Who Is Exempt From Overtime? Drug Sales Reps, For One, And Here’s Why You Should Care

On June 18, 2012, the United States Supreme Court ruled in favor of the pharmaceutical industry in a closely followed case (Christopher v. SmithKline Beecham Corp.) to do with overtime exemption for drug sales representatives.

 In short, SCOTUS ruled that pharmaceutical sales reps are in fact exempt from overtime – and, according to law firm Proskauer Rose, “while the decision will immediately affect the pharmaceutical industry – which now can safely treat its sales representatives as exempt from overtime without the specter of massive amounts of retroactive back pay liability – it also could have an impact on other industries, as well as the viability of the DOL’s amicus brief program and Administrator Interpretation letters.”

In other words, the overtime decision has implications for employers beyond Pharma. To whit:

“The decision suggests that when presented with cases involving attempts by federal agencies to alter accepted regulatory practices, the Court will place significant value on the predictability of federal regulatory positions, and will not give new agency positions – particularly those it sees as having been sprung on the regulated community – much if any deference.” (Pierce Atwood LLP)

The Fair Labor Standards Act (FLSA) states that outside sales reps are exempt from overtime; however, the Act does not define “outside sales.” As a consequence:

“The Supreme Court’s broad, functional interpretation of the outside sales exemption will affect other litigation over the boundaries of that exemption and other FLSA exemptions. The Court cabined its holding to the situation where ‘an entire industry is constrained by law or regulation from selling its products in the ordinary manner,’ but it is possible that employees in other industries may be found to perform a function that is ‘tantamount … to a paradigmatic sale of a commodity’ within that industry’s regulatory environment and thus to come within the outside sales exemption as interpreted in Christopher. More generally, the Court’s rejection of a bright-line ‘transfer of title’ requirement and its reasoning that the FLSA attempts to ‘accommodate industry-by-industry variations’ may encourage lower courts to read the Act’s other exemptions in a more pragmatic, less formalistic manner. Employers in other industries should consider whether Christopher opens the door to an argument that an exemption applies…” (King & Spalding)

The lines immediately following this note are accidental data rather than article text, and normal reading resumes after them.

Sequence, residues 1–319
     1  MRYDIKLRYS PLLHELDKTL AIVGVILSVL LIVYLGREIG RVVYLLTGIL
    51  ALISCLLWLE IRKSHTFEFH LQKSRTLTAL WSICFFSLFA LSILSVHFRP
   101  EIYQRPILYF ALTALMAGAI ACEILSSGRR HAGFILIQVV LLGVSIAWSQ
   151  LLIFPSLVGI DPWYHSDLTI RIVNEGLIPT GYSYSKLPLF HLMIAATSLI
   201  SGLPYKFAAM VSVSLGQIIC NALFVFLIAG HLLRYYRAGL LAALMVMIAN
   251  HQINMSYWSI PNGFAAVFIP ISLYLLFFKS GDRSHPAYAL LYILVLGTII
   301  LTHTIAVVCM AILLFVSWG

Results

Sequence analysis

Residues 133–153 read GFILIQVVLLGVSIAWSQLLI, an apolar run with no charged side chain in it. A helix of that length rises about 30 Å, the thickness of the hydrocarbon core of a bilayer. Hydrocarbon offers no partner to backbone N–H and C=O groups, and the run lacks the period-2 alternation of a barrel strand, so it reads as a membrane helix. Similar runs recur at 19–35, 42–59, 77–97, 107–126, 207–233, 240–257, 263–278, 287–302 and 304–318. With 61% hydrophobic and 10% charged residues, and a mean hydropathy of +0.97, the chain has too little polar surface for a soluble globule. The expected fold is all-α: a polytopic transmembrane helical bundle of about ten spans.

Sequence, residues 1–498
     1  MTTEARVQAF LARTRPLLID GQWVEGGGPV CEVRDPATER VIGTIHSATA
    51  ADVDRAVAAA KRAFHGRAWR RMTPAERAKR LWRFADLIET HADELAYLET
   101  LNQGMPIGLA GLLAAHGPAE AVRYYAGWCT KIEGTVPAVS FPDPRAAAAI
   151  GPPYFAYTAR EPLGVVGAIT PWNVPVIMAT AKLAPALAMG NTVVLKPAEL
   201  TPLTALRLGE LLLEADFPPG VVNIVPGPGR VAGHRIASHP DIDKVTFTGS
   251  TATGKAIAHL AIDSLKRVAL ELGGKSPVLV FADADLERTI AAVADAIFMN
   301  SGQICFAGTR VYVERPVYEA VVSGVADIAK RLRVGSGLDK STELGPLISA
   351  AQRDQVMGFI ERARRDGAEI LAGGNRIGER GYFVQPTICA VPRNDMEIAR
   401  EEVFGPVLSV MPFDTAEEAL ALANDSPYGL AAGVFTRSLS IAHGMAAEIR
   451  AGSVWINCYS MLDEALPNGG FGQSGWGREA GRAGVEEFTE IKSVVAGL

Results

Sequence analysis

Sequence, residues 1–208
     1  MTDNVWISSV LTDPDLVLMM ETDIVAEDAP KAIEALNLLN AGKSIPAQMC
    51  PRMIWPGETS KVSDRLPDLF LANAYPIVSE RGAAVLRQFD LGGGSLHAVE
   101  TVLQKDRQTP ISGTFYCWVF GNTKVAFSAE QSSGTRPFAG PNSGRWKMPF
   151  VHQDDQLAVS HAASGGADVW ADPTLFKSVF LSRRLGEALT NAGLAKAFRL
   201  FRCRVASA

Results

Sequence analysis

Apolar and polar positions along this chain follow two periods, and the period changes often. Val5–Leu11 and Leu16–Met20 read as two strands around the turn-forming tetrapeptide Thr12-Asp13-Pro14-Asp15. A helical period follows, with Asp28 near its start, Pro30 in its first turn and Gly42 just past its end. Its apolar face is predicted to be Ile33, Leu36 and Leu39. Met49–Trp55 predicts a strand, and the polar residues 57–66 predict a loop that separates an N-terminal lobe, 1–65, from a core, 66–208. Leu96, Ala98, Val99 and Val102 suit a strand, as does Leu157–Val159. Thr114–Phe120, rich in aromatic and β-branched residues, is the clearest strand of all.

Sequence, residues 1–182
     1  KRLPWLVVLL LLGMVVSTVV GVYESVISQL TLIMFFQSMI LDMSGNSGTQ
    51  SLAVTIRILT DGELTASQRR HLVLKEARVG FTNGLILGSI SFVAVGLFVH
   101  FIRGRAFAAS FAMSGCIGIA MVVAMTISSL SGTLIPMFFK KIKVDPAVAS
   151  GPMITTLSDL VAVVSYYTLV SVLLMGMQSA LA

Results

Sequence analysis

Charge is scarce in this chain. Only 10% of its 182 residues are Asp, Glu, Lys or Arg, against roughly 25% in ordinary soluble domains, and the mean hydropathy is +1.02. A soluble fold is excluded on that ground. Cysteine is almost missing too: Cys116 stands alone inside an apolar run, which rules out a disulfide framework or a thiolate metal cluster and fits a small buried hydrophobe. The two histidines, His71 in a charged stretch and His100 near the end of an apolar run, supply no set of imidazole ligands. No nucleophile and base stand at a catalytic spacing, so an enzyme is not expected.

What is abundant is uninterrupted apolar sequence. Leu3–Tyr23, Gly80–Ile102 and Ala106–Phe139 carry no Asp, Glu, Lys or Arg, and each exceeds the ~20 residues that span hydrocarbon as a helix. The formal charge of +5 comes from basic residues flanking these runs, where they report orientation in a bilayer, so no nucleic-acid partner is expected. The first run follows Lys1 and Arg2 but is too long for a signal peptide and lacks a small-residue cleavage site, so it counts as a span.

Or, as law firm Foley Hoag puts it:

“By rejecting a narrow interpretation of the exemption, the Smithkline decision suggests that sales employees may fall under the ‘outside sales’ exemption, even if they do not actually obtain orders or binding commitments from customers.”

However, words of caution from law firm Duane Morris:

“Employers should remain alert. While Christopher may prompt courts to interpret the FLSA’s outside sales exemption more broadly, the DOL is unlikely to become less aggressive. In its enforcement efforts, the DOL may proceed as though Christopher has little to no implication beyond the position at issue. While Christopher may provide employers with additional means to defend against extreme DOL positions in court, employers would still need to get to court to use them. These cases are expensive to litigate, so even the victories are somewhat pyrrhic.

Finally, states may offer greater overtime pay protections than federal law. Thus, an employee who is exempt under the FLSA may not be exempt under state law. Companies that employ outside sales representatives should therefore ensure compliance with state and federal laws. Of course, this would be true of all positions.”

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